By far the two main crops coming from California are lettuces and strawberries. Since these grow during the winter months, greenhouses are an obvious solution. The perception is that operating these structures is expensive. But this technology has made tremendous advances in efficiency. With state-of-the-art greenhouses, I have Organic clients keeping their combined heating (at a productive 10°C) and greenhouse depreciation and interest costs below 10% of sales. The advantages of year-round production for both customers and employees certainly outweigh its cost.

Some Midwestern states are already foreseeing the demise of California (and Chinese) produce production. If Ontario investors, lenders, planners, educators, governments, distributors and consumers do not start proactively supporting local foods, we may find that Michigan and Ohio assume the California mantle.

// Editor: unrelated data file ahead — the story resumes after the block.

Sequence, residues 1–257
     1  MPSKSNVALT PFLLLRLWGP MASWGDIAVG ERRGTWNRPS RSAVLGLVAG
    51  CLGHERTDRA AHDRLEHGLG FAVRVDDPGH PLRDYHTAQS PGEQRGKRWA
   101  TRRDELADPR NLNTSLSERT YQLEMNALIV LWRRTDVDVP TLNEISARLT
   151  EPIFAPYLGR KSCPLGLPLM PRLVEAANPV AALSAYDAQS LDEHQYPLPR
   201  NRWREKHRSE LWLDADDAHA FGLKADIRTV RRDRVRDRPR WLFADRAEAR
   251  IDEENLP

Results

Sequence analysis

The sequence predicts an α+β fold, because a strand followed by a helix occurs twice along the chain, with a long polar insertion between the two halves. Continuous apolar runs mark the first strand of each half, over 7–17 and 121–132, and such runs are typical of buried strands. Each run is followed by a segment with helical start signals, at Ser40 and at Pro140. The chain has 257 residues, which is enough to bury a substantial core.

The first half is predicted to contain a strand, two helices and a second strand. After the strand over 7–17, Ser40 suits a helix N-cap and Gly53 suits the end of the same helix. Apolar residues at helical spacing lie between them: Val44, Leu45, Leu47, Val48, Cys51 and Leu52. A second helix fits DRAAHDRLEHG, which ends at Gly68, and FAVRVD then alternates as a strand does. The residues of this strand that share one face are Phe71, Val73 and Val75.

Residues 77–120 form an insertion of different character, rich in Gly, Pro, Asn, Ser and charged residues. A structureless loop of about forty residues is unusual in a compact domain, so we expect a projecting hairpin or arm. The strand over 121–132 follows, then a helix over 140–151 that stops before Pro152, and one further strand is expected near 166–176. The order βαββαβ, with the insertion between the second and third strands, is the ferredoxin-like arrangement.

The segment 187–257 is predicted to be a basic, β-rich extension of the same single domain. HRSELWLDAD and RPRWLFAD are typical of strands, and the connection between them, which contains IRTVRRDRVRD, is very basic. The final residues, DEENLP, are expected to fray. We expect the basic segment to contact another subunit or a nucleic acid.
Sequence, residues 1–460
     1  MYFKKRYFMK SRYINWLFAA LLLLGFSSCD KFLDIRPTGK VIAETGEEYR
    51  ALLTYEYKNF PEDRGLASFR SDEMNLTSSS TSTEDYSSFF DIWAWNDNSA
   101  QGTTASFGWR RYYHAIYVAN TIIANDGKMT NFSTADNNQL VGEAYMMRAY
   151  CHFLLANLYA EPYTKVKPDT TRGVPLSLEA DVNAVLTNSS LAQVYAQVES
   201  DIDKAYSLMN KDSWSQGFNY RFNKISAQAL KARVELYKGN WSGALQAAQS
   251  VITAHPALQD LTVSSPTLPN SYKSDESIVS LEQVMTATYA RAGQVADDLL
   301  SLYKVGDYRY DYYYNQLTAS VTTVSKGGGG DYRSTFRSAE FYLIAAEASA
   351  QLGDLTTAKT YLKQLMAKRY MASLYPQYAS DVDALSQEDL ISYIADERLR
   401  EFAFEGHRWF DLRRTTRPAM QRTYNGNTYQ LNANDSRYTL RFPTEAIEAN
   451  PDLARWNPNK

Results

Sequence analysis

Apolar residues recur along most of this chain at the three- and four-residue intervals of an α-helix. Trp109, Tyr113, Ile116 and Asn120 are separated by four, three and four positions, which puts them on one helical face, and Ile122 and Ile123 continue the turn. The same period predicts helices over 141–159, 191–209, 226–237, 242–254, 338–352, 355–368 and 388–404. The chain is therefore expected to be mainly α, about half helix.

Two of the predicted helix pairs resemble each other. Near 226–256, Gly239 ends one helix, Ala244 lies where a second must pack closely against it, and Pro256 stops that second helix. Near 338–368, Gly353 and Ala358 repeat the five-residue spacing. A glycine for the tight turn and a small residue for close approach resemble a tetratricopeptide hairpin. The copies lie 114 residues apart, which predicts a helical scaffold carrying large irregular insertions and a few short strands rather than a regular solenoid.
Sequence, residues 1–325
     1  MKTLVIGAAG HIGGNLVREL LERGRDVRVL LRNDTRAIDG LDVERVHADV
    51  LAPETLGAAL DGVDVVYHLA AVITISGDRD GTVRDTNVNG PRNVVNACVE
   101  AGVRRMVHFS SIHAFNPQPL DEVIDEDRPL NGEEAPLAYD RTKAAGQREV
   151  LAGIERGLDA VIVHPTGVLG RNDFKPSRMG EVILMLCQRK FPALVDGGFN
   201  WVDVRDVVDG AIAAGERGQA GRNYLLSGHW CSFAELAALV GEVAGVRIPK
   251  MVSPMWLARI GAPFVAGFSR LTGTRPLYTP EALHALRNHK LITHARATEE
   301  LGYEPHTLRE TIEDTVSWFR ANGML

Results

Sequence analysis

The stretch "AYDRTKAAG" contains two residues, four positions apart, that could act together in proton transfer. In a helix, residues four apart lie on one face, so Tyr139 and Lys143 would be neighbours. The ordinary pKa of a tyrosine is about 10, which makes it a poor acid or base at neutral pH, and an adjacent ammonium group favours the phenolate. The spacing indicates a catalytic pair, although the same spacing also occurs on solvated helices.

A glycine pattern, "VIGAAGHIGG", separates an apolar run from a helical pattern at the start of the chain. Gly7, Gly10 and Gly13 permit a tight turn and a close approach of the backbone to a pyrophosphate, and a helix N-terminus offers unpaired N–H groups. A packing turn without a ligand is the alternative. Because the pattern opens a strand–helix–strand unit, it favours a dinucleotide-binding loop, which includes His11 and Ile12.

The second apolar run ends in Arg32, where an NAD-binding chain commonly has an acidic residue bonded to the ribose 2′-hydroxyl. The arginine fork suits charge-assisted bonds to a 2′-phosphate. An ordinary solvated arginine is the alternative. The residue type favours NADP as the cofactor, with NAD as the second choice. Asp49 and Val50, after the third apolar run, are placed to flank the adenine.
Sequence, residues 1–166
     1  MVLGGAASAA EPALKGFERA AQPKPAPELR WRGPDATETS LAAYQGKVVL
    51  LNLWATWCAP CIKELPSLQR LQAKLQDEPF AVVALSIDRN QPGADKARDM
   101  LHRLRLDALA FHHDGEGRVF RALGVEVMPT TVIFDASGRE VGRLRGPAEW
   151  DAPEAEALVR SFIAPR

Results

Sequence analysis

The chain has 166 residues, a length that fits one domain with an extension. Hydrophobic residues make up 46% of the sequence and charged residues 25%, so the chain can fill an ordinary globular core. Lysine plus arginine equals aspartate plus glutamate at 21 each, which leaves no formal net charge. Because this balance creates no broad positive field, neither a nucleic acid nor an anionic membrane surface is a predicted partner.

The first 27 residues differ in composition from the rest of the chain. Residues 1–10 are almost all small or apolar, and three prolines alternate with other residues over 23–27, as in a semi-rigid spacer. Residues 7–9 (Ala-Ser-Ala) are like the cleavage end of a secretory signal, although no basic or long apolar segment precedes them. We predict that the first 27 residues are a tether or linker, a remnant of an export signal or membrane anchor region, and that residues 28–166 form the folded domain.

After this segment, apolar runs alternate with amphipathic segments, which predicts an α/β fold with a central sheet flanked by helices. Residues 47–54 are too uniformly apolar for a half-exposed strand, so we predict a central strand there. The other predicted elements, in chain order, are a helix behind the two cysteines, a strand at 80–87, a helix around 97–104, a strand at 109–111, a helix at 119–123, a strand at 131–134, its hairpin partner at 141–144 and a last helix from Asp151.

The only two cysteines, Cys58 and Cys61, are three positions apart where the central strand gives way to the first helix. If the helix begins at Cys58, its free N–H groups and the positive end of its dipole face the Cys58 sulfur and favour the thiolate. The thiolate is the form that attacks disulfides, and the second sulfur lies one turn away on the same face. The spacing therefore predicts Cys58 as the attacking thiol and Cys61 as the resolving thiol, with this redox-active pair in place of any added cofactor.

What can you do right now

We do not appear to have any forthcoming shortage of water. But we are rapidly losing good farmland. So preserving what we still have is a worthy cause. This is a mandate of Ontario Farmland Trust Alliance. You can support their May 14th fundraising event: Save the Land You Love with noted photographer Neil Ever Osborne. Learn more about protected areas in North and South America.

The Organic Council of Ontario (OCO) has prepared three thorough Brochures to assist conventional growers Transition to Organic. Each of these describes the outstanding market potentials and explains why expenses are lower and prices are higher. These Brochures about Transitioning to Beef, Grains, or Vegetables also list numerous resources to facilitate transitions. Please download or print each of these PDF documents to share with any curious farmers you know.

Glenn Murray, the Ontario Minister of the Environment and Climate Change, gave a thoughtful and informative keynote address at the recent Organic Council of Ontario Awards Dinner. My biggest takeaway was learning how he convinces belligerent farmers to understand the bigger picture of removing Neonicotinoids from their arsenal. He has found that doing this around kitchen tables is more effective than with tweets and emails. You can do the same: